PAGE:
I found this Malcolm Gladwell article in the New Yorker on a book about reasons quite interesting. Is your reason a story, a convention, or a code? This part reminded me of some of the talk about Michigamua:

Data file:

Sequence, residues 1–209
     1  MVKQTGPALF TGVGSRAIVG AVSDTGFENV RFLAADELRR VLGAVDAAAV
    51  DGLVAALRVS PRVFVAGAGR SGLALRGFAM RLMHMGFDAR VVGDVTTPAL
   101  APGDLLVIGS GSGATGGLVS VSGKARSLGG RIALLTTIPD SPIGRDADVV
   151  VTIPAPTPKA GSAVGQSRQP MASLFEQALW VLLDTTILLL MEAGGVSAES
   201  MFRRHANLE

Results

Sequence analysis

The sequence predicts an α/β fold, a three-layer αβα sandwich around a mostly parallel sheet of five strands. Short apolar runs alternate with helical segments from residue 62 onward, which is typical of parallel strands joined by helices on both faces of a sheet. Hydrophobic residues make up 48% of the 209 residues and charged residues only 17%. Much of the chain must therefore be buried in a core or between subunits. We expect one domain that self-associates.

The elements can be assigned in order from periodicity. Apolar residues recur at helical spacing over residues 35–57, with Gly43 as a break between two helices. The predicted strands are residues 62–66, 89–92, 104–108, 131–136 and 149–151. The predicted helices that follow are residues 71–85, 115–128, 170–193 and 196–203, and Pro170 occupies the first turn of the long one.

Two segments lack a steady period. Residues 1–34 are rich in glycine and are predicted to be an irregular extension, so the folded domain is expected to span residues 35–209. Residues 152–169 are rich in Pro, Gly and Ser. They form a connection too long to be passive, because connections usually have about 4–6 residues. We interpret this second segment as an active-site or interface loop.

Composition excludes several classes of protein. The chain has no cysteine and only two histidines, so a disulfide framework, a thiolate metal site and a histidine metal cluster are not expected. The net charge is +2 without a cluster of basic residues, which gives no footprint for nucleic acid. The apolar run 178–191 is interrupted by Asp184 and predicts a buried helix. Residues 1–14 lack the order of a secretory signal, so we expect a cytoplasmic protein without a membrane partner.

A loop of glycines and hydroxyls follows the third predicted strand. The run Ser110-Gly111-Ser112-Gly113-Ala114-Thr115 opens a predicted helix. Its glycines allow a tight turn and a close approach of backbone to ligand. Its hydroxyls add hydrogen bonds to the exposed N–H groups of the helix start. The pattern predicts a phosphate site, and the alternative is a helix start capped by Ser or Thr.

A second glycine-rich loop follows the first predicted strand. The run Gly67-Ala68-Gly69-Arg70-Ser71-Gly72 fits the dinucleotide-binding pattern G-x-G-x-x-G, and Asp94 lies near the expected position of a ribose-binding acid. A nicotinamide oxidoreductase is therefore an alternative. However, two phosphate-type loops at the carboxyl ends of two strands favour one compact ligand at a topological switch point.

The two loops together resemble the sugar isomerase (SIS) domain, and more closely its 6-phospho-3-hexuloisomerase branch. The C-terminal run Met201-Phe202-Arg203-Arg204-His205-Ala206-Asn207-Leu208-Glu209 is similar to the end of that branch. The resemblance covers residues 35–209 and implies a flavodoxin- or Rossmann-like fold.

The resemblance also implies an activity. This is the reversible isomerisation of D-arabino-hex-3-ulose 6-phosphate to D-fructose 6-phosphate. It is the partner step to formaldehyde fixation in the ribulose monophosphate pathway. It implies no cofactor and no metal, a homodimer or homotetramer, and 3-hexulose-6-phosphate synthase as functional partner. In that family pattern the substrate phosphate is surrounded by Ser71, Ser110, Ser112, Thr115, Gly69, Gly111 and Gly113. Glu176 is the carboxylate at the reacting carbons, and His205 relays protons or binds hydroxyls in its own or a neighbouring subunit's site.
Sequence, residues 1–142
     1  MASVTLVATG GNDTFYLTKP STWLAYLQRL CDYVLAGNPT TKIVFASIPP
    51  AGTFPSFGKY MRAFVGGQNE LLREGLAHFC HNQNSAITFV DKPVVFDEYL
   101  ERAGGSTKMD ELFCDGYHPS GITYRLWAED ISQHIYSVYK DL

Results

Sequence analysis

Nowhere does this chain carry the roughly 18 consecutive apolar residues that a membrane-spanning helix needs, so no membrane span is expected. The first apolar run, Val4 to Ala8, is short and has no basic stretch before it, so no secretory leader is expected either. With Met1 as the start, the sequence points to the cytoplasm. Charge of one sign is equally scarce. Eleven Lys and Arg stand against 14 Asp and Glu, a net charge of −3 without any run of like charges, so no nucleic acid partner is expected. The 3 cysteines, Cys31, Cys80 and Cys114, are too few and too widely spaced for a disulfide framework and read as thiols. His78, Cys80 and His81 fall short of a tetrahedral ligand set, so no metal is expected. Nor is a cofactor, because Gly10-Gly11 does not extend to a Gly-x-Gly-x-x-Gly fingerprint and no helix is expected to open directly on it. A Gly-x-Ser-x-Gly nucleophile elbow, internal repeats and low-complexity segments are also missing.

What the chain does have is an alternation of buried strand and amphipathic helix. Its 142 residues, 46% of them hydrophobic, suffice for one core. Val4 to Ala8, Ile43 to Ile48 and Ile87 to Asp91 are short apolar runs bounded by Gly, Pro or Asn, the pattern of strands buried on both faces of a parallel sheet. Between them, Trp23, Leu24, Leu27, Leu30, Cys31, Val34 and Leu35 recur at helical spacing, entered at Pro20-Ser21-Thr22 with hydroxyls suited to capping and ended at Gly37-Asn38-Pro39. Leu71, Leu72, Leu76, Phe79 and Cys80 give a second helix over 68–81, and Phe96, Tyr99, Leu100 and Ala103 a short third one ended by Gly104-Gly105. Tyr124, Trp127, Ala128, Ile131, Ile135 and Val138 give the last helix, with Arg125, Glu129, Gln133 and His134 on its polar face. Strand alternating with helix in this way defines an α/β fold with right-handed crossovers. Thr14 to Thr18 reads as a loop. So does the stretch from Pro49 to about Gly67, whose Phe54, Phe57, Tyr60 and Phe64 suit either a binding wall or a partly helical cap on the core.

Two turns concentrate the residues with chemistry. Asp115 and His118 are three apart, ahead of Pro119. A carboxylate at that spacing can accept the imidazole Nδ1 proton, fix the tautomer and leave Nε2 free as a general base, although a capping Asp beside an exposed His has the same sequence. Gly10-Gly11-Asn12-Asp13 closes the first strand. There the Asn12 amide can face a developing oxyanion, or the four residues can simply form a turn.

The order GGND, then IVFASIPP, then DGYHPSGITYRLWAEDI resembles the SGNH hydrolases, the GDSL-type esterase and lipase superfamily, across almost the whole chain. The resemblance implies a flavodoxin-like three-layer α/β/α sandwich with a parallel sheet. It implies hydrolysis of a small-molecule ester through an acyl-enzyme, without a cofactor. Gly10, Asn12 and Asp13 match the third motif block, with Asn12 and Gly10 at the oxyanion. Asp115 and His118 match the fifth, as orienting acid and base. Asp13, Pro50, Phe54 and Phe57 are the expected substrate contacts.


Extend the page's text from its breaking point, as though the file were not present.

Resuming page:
When we say that two parties in a conflict are “talking past each other,” this is what we mean: that both sides have a legitimate attachment to mutually exclusive reasons. [...] If you believe that stories are the most appropriate form of reason-giving, then those who use conventions and technical accounts will seem morally indifferent—regardless of whether you agree with them. And, if you believe that a problem is best adjudicated through conventions or technical accounts, it is hard not to look upon storytellers as sensationalistic and intellectually unserious.